Bariatric Surgery

March 1, 2005 | Health System Risk Management


As doctors and scientists investigate ways to treat overweight and obesity, one option—bariatric surgery—has increasingly become available for patients with severe obesity. Also known as weight-loss surgery and gastric-bypass surgery, bariatric surgery involves a variety of surgical approaches to restrict food intake and to treat extreme obesity* when other treatments, such as lifestyle changes, fail. _____________ * "Overweight" is defined as excess body weight and, according to the National Institutes of Health (NIH), is classified in individuals with a body mass index (BMI) of 25 to 29.9 kg/m. Obesity is categorized by NIH as a BMI of 30 kg/m. Under the NIH classification, a patient is considered extremely obese when his or her BMI is 40 kg/m (or >35 kg/m in the presence of comorbidities). This Guidance Article uses the parameters as defined by NIH when referring to the terms "overweight," "obese," and "extreme obesity." _____________ In the past decade, the number of bariatric procedures performed in this country has increased dramatically, from 16,000 in 1992 to 47,000 in 2001.1 By 2002, as many as 60,000 procedures were performed—a figure that nearly doubled to 103,000 by the end of 2003, according to estimates from the American Society for Bariatric Surgery (ASBS), an organization representing surgeons and other healthcare professionals in the field of bariatric surgery. Some experts predict that within 10 years, bariatric surgery will be the most common operation in general surgery.2

Partly driving the demand for bariatric surgery is the attention these procedures receive in the popular press. For example, separate cover stories in Peoplemagazine featured NBC television weatherman Al Roker from the Today show and how bariatric surgery "transformed his life," as well as pop singer Carnie Wilson, who lost 150 pounds after stomach surgery.3,4 Indeed, the demand for bariatric surgical procedures is increasing even among adolescents.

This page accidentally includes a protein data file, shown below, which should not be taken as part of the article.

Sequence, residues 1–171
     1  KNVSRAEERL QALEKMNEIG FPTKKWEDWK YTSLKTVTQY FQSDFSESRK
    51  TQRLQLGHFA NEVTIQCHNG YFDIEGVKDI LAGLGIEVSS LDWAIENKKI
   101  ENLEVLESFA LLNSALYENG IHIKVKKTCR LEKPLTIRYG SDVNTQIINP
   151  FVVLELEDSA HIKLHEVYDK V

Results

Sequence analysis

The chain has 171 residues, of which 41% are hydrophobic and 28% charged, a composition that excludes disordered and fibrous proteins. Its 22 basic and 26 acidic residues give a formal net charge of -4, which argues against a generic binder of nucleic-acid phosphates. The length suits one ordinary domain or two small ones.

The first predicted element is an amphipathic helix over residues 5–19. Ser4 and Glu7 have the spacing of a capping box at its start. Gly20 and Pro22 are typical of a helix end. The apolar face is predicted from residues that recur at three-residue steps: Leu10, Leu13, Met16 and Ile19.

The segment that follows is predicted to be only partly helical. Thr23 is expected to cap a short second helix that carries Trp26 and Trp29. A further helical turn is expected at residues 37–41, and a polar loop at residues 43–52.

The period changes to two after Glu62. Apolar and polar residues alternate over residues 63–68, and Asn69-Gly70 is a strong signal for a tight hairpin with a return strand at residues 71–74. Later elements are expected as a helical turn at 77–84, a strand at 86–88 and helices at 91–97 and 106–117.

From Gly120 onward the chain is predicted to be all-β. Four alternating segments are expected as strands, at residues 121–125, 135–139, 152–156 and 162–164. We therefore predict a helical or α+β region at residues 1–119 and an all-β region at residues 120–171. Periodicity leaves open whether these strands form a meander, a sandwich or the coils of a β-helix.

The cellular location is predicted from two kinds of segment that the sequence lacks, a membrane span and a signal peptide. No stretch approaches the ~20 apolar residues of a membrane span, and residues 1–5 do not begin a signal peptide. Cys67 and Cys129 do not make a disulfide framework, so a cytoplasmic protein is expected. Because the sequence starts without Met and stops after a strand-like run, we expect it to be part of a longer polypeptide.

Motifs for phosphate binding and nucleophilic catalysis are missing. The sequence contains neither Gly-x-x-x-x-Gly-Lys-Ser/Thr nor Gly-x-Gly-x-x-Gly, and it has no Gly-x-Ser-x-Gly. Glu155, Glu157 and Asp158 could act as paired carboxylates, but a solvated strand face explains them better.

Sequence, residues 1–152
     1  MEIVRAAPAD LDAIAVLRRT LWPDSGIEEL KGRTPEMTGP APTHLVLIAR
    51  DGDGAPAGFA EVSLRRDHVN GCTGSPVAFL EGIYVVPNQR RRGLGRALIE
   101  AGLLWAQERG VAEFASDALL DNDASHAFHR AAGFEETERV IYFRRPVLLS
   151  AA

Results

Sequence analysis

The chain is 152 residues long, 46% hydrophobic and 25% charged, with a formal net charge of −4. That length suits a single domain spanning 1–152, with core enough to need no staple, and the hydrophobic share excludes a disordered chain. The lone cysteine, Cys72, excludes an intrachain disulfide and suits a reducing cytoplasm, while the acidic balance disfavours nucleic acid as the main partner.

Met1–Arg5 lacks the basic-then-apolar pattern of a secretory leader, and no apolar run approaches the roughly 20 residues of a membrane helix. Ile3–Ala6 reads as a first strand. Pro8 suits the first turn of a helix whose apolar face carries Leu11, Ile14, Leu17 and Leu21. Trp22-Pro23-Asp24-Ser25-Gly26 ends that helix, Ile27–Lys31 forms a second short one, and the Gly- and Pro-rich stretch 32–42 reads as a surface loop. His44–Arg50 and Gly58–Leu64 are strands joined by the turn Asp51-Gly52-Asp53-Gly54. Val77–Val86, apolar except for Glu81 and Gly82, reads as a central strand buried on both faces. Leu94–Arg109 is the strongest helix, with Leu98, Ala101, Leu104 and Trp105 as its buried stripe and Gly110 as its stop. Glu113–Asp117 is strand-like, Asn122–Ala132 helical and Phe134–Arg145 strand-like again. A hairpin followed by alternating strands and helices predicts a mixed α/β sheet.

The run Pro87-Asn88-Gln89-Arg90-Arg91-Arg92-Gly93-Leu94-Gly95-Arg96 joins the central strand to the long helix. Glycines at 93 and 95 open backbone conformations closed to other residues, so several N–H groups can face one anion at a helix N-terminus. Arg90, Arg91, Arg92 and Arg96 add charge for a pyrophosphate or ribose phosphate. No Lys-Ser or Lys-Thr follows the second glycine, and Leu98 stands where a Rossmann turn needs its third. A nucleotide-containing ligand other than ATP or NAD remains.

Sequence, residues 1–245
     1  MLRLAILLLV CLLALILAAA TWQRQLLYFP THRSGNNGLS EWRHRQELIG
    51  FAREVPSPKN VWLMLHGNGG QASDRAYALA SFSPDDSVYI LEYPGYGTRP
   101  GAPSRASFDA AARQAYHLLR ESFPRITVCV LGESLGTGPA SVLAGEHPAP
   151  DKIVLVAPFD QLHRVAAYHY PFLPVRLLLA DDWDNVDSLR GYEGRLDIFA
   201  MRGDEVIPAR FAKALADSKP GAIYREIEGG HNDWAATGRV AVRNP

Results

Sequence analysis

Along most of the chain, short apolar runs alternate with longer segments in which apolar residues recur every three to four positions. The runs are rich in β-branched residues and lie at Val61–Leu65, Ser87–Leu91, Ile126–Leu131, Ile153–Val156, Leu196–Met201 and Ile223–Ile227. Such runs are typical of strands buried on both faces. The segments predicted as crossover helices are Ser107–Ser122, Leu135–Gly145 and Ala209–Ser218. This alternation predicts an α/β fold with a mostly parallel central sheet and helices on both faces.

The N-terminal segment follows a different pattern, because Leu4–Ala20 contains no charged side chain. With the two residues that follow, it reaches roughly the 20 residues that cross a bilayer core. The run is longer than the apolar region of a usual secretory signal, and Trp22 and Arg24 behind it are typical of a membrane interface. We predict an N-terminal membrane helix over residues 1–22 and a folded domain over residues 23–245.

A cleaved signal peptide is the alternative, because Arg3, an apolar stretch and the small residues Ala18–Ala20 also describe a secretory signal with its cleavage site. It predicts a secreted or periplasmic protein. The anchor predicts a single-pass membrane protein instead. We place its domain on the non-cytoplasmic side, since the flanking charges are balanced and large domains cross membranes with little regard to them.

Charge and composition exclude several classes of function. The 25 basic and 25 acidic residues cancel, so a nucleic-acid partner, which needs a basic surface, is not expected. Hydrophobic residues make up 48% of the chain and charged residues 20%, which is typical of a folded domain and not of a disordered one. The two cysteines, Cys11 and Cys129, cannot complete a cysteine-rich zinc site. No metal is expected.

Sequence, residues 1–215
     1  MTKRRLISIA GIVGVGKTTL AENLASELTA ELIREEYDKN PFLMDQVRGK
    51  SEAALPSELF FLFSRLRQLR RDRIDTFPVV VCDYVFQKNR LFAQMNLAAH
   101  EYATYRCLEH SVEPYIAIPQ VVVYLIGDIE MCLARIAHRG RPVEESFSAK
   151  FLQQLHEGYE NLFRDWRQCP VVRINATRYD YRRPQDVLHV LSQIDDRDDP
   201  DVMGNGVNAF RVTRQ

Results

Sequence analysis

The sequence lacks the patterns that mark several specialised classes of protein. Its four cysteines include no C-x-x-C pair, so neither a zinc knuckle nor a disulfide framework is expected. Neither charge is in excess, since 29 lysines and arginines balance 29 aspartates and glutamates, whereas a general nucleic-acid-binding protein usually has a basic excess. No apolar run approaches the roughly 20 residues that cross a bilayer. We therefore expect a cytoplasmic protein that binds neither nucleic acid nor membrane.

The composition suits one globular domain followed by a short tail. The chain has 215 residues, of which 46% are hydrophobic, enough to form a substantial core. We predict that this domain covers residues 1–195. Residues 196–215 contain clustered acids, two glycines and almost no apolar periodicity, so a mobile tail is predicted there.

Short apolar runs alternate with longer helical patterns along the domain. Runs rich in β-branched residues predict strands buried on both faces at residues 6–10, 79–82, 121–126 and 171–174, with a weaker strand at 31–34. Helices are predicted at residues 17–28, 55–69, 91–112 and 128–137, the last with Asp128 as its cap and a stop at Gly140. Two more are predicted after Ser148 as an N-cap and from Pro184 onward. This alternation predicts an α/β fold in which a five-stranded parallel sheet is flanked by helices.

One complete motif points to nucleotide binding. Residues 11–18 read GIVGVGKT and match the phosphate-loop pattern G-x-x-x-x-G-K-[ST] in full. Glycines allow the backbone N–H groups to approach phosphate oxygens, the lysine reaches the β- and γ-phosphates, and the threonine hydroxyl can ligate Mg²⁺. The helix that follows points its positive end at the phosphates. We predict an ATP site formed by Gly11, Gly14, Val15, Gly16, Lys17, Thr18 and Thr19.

The publicity surrounding these famous patients and their successful surgeries can significantly influence popular interest in and demand for weight-loss surgery. At the same time, it can include misinformation, as complex, technical surgical procedures are translated for dissemination to the general public, often resulting in incorrect perceptions and unrealistic patient expectations.

Bariatric surgery is also increasingly winning support from groups such as the Agency for Healthcare Research and Quality (AHRQ), which concluded in a July 2004 report that bariatric surgery is an effective weight-reduction measure for extremely obese patients who have unsuccessfully attempted to lose weight through diet and exercise.5 AHRQ's report upheld bariatric surgery as a possibly lifesaving solution for these patients, noting that it can improve severe comorbidities such as heart disease, high blood pressure, and diabetes.

Not surprisingly, bariatric surgery centers are becoming more prevalent. Hospitals and health systems are opening inpatient and hospital-based ambulatory multidisciplinary bariatric centers to cater to the medical and surgical needs of overweight and obese patients. General surgeons are going through advanced training in order to become credentialed in the subspecialty of bariatric surgery. Most recently, bariatric surgery has moved out of the hospital to freestanding ambulatory surgical centers, where patients are kept at least one night postoperatively.6

Risk managers at facilities with bariatric surgery programs or at facilities evaluating whether to start a program must ensure that involved risks are considered, such as physician training and credentialing, patient selection criteria, patient education and informed consent, prevention of injuries to staff handling extremely obese patients, and the safety of this patient population from a facility and equipment perspective. All healthcare providers should be aware of the special needs of these patients and be prepared to meet those needs in a way that ensures high-quality and safe patient care in addition to compassion and respect. While this Guidance Article will focus on specific principles applicable to...

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